August 20, 2010

Albums that critics love, go unappreciated, but are actually good

Most lists of "the most underrated and under-appreciated" things are a see-through way of trying to boost the list-maker's status by implying how cultured they are compared to the philistines in the audience. But sometimes they do have a legitimate point. In most high school and intro college lit classes, you'll rarely read any Marlowe, but you can be sure to slog through Arthur Miller and Ibsen, even though he's superior to both combined. Someone who complained about the lack of Marlowe in the typical lit curriculum would have a good point, while someone who whined about not teaching Alfred Jarry would just be trying to score obscurity-based status points.

Applying this idea to music albums, let's take Rolling Stone's the 500 greatest albums as the list of what critics hype up. Next, we eliminate the ones that may be good but aren't out-of-this-world great -- that are there just because critics have to revere them or else lose their snob cred. (This eliminates over-hyped ones like The Velvet Underground & Nico's self-titled album). Finally, we eliminate those that the average youngish listener (say under the age of 25 or 30) has not heard much of -- let's say, no more than one song on the album. (This eliminates great but well known ones like Rocket to Russia by the Ramones.) If they've heard two, three, four hit singles but not the rest from it, I'd say they're still fairly aware of that album.

What's left is a pretty good list of "hidden gem" albums. I haven't listened to every one of the 500, so if it doesn't appear, it may be because I don't know it. Here's what I get:

Ramones (Ramones)
Purple Rain (Prince & The Revolution)
Back In Black (AC/DC)
Raw Power (The Stooges)
Pretenders (The Pretenders)
Electric Warrior (T. Rex)
1999 (Prince)
The Queen Is Dead (The Smiths)
Trans-Europe Express (Kraftwerk)
Psychocandy (The Jesus & Mary Chain)
Strange Days (The Doors)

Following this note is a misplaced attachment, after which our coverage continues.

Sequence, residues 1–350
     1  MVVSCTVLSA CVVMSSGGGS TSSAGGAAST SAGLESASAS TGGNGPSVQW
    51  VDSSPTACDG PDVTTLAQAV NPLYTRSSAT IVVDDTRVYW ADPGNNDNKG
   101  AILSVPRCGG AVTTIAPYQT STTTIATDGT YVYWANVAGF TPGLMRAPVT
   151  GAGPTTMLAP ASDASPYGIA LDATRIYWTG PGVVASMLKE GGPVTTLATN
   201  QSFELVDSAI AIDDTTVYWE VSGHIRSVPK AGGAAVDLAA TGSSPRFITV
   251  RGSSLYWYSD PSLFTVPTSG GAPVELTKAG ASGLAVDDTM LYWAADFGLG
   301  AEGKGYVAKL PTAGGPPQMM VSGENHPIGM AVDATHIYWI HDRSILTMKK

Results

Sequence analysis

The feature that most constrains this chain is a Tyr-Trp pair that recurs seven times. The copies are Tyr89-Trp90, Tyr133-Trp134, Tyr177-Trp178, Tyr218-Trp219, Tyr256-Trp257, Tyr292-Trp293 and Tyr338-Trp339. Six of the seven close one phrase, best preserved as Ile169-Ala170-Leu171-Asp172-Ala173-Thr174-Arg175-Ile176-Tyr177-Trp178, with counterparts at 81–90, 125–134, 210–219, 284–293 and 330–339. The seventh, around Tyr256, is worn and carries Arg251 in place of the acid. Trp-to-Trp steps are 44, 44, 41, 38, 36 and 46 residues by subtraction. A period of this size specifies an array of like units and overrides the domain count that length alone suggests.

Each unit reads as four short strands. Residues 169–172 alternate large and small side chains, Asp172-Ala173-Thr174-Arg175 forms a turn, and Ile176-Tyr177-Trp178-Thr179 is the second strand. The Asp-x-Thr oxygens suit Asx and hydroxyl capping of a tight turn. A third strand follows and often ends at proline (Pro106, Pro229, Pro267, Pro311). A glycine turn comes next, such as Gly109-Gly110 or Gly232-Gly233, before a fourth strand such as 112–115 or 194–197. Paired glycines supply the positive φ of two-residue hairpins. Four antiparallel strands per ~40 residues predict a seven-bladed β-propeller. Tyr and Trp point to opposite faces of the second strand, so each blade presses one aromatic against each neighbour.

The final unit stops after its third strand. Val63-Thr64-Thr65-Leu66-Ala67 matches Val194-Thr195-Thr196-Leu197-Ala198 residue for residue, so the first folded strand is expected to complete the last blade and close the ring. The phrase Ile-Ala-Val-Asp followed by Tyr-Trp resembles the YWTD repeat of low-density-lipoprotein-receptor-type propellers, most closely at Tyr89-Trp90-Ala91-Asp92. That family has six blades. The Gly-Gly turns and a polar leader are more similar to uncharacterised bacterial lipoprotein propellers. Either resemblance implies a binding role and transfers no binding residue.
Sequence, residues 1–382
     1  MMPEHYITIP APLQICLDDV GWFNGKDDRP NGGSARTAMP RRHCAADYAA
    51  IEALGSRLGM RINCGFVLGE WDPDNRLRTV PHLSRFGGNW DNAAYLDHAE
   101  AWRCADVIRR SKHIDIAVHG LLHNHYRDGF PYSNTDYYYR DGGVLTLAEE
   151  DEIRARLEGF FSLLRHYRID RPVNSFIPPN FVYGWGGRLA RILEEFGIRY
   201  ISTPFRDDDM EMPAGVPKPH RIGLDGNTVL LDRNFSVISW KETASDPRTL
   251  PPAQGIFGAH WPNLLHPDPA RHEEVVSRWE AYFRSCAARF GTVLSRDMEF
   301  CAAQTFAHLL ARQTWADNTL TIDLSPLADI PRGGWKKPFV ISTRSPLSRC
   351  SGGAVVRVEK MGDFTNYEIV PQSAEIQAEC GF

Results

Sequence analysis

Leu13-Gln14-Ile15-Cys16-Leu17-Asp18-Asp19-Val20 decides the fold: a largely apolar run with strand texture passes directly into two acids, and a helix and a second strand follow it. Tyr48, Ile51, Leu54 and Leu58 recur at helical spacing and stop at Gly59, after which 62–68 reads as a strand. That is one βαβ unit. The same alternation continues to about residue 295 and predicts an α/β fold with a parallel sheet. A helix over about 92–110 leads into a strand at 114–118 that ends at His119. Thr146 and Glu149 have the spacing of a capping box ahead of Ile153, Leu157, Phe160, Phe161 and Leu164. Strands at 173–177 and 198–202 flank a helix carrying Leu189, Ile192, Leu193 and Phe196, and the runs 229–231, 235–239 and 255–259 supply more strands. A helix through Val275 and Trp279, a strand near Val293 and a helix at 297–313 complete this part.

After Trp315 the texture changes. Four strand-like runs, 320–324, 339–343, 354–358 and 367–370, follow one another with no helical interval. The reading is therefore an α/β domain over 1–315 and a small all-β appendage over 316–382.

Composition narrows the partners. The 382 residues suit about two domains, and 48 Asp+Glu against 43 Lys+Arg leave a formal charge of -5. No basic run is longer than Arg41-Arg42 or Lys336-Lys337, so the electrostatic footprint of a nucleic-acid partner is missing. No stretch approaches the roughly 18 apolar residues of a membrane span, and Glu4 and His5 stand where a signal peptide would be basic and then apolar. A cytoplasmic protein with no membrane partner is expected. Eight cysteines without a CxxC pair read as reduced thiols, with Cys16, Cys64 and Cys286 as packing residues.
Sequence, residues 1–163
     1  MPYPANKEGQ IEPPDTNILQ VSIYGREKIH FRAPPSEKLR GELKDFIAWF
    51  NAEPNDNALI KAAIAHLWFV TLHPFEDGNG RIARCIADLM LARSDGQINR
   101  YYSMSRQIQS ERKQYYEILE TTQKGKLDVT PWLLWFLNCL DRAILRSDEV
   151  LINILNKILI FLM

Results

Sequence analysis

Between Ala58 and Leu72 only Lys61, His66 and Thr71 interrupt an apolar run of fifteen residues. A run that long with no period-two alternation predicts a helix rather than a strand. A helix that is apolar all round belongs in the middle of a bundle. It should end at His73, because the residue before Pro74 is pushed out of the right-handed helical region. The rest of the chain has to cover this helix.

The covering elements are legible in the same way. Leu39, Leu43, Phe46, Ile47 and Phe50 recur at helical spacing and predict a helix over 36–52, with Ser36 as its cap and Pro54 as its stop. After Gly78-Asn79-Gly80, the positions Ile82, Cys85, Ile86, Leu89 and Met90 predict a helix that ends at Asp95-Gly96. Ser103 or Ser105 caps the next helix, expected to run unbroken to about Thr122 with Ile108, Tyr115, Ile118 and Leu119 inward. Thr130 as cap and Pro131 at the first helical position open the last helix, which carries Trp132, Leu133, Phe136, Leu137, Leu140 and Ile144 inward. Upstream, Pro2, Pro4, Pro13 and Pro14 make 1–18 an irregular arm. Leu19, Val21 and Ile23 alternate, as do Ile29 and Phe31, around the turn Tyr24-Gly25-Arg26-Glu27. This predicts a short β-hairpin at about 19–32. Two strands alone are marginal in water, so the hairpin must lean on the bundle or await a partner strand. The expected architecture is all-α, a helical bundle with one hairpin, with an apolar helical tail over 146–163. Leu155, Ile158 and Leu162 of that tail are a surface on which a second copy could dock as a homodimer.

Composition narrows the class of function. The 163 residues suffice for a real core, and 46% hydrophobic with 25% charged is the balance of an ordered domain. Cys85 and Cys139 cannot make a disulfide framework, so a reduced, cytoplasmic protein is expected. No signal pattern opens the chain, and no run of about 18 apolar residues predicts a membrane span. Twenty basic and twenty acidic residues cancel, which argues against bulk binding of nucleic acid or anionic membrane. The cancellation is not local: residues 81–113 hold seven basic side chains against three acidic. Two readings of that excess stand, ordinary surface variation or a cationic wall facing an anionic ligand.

Honorable mentions (quality isn't quite as high as the others, but still not well known by most young people):

Transformer (Lou Reed)
Siamese Dream (The Smashing Pumpkins)

Of the ones above, the T. Rex album is the best example of a hidden gem, since I'm pretty sure no one under 45 has heard even one song from it and the band is not well known regardless of which albums or songs we're talking about. The other albums would at least be recognized for one song, or for some of the band's other work.


  1. I admit it's a function of hearing it for the first time and being blown away by how different it was, given the time period, but I've long thought Gish deserves higher marks than Siamese Dream.

  2. I'm surprised that first two Violent Femmes albums haven't edged their way into the canon. Their eponymous release holds up particularly well. To me, it's still the most authentic 80s garage sound, and I don't know of another record that so perfectly captures the heartbreak and sexual frustration of youth.

  3. You've mentioned Marlowe a few times. The case that he wrote the works of Shakespeare is pretty convincing.

  4. " we eliminate the ones that may be good but aren't out-of-this-world great -- that are there just because critics have to revere them or else lose their snob cred"

    Citizen Kane was a cinematic equivalent of this in my opinion. I loved "Touch of Evil" and "The Third Man", so I liked Welles, but I was really dissapointed with Citizen Kane. I just didn't get into it, despite heightened expectation and preparing to be impressed.

    I remember one little cassette I bought back in the 90's from a group called "Fleming and John" based on the strength of a very catchy single,
    and being pleasantly suprised that there was some really accessible stuff on that little cassette.

    Radiohead's "The Bends" had some melodic music on it.

    Ive been told the country album, "The Pilgrim" from Marty Stewart is revered as some sort of masterpiece on Music Row, but it didn't sell much. There was a singer named Shelby Lynne that the execs and critics liked, but the public didn't (her being a suspected lesbian might have hurt her in country circles---dont know if she really is or not myself).

    There was an alternative rock CD put out in 1995 called "Life is Sweet" by Maria Mckee. I thought it was the best alterna-like album I'd heard, but it didn't sell. Some critics loved it, and it even had a minor hit, "Absolutely Barking Stars", but a few hated it, and it just dissapeared.

    Maybe its just me, but some acts that are "critical darlings" in music do play intelligently written-instrumentally-innovative stuff, but for some reason these higher-brow acts often are plagued by a lead singer whose voice isn't as good as the rest of the act.

  5. Back in Black unknown...only by ball-less hipsters.

    @ Anonymous: Citizen Kane suffers because of the hype and because it has become cliched thanks to its own success creating those cliches.

    - Breeze

  6. U2's "Zooropa" is quite good, though at the time of its release in 1993 still overshadowed by the great "Achtung Baby" album from two years earlier.

    I don't think any songs from it were hits, either.


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